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Bam2015

Glazes for speckled clay

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Hello Everyone,

Before I post my question, which is my first to this site, I'd like to say how much I enjoy and appreciate this forum. What an incredible wealth of information, and such a supportive and generous group of potters. 

My question/issue......I am using Laguna #50 speckled clay w/manganese and have tested some Amaco Potter's Choice, brushed on. The results have been less than impressive. I made 30+ test tiles of various combos and there weren't any that I like. I tried the same combos on B-Mix and like them. However, I prefer a speckled clay, but that's because I like the appearance of the speckled foot & bottom. 

Has anyone had success with brushed on Amaco Potter's Choice, Celadon, or High Fire series on Laguna #50 or a similar speckled clay? I did a lot of Googling, but can't find any combos, and I know I will still have to test regardless of recommendations. 

I am a member at a studio and have access to their glazes where I can dip, but it seems that once someone comes up with a nice combo, everyone else starts using the same combo. I'd like my pots to be glazed a bit different from everyone else. 

Thanks all. 

Betty

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Have you tried using a white slip over areas you don't want to be speckled?  That might be an option, it may be just enough to stop the bleed through, or maybe enough to even make the glaze act more like it's on bmix.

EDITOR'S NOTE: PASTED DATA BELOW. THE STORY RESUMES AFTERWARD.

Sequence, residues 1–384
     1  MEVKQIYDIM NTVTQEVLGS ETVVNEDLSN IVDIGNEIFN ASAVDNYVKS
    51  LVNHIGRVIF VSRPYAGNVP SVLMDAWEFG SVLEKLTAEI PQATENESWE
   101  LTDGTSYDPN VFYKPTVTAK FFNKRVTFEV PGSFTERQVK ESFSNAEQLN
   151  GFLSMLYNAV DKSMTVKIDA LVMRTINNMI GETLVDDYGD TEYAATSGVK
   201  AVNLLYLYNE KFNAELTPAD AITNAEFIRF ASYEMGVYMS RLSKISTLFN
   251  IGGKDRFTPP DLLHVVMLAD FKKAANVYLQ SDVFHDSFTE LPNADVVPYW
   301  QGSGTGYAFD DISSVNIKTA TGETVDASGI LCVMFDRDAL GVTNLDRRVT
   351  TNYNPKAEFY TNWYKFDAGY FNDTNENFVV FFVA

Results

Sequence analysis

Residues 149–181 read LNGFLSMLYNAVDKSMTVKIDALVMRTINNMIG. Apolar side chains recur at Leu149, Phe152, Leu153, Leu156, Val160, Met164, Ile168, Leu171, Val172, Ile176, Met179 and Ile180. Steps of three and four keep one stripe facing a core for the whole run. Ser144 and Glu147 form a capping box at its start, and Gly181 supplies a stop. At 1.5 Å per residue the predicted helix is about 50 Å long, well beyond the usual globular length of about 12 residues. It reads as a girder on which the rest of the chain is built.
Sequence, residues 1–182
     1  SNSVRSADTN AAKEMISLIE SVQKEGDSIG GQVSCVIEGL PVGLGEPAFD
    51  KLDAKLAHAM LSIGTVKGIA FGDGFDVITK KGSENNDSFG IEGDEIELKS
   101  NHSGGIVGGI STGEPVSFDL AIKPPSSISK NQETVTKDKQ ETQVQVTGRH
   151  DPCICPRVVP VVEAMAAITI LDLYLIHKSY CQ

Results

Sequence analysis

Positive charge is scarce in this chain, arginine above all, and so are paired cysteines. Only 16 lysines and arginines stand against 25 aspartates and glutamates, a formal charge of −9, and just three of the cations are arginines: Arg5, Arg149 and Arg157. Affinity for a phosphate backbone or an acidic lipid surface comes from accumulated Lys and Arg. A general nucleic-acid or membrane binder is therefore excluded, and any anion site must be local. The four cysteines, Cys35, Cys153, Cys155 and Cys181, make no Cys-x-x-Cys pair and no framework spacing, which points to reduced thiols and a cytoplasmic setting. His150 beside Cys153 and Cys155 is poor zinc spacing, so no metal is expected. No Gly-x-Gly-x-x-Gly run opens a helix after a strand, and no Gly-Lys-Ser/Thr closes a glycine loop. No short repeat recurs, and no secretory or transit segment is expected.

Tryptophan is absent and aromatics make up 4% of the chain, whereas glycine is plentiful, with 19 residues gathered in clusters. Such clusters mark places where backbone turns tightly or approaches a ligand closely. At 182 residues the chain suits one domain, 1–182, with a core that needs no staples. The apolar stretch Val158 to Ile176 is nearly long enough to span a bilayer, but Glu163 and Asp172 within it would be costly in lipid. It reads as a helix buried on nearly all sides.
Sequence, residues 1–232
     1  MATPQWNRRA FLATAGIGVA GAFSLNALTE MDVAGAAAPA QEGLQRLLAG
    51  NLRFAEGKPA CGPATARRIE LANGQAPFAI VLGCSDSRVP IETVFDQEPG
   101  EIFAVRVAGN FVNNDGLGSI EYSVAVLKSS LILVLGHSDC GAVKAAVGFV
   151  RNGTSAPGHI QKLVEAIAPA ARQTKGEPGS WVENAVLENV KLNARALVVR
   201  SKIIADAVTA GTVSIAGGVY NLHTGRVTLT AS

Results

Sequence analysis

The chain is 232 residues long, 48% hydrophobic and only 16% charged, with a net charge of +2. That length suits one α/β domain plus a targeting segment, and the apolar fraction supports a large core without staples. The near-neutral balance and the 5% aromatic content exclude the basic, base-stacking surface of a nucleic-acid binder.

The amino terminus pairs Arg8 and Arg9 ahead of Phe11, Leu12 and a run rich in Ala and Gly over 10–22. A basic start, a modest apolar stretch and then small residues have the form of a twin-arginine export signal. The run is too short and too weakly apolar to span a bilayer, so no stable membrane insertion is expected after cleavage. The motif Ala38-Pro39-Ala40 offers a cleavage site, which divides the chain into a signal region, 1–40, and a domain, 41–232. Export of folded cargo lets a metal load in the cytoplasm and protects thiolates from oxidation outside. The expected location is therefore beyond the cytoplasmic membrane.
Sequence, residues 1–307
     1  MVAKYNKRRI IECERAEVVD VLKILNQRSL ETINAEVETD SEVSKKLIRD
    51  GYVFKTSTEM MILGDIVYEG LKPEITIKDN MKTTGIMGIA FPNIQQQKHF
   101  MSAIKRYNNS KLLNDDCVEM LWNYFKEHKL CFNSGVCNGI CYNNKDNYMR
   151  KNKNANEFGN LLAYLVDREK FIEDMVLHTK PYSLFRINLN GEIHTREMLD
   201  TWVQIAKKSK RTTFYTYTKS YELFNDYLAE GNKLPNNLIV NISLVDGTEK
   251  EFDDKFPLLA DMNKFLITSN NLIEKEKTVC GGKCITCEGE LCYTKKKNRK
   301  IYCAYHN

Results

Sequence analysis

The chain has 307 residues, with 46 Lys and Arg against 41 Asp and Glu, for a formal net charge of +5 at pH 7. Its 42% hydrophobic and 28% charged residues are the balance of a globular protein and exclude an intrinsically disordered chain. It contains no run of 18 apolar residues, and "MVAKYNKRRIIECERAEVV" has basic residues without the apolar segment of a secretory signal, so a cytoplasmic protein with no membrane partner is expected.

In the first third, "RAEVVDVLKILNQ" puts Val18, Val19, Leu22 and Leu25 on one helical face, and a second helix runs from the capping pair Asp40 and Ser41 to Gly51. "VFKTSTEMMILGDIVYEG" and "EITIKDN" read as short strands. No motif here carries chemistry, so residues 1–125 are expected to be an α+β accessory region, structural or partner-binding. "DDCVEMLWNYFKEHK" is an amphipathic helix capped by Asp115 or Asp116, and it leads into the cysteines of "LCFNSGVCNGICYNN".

An alternative would be to use bmix and paint the areas you want speckled with a speckled slip

 

Edited by liambesaw

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Welcome to the forums, Betty. Take Liam's suggestion of using a white slip, which may work, or you can use B-Mix, and on the foot and bottom of the pot, take a black or brown underglaze on a toothbrush or other stiff brush and finger stroke to get the spatter that you want. It will take a little practice to get the spatter pattern you like, but then you can use the PC glazes on the B-Mix to come up with some good outcomes. Look at my album to get an idea of some of what I've done. I've been throwing B-Mix ^5 and using PC layered glazes for a number of years and coming up with some really nice combos which I would be happy to share if you'd like. Good Luck...

JohnnyK

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Liam & Johnny, thank you both for the suggestions. I think I’ll try both & decide what I like best. They both sound like good options.

I bought a speckled underglaze a few years ago that I think would have worked great, but think it has been discontinued.  Does anyone know of a speckled underglaze or how one might add something to an underglaze to make it look like speckled clay? 

Liam, if you are willing to share PC layering on B Mix, that would be great, thank you.

Betty

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You can add granular manganese or granular ilmenite to a white slip or white underglaze to mimic a speckled look.  I'm sorry but I don't use potters choice glazes so I don't have any combinations I can suggest, I think @JohnnyK was saying he uses them though

Edited by liambesaw

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Thank you Liam, glad to hear I can mimic the speckled clay with manganese. Of course, test, test, test.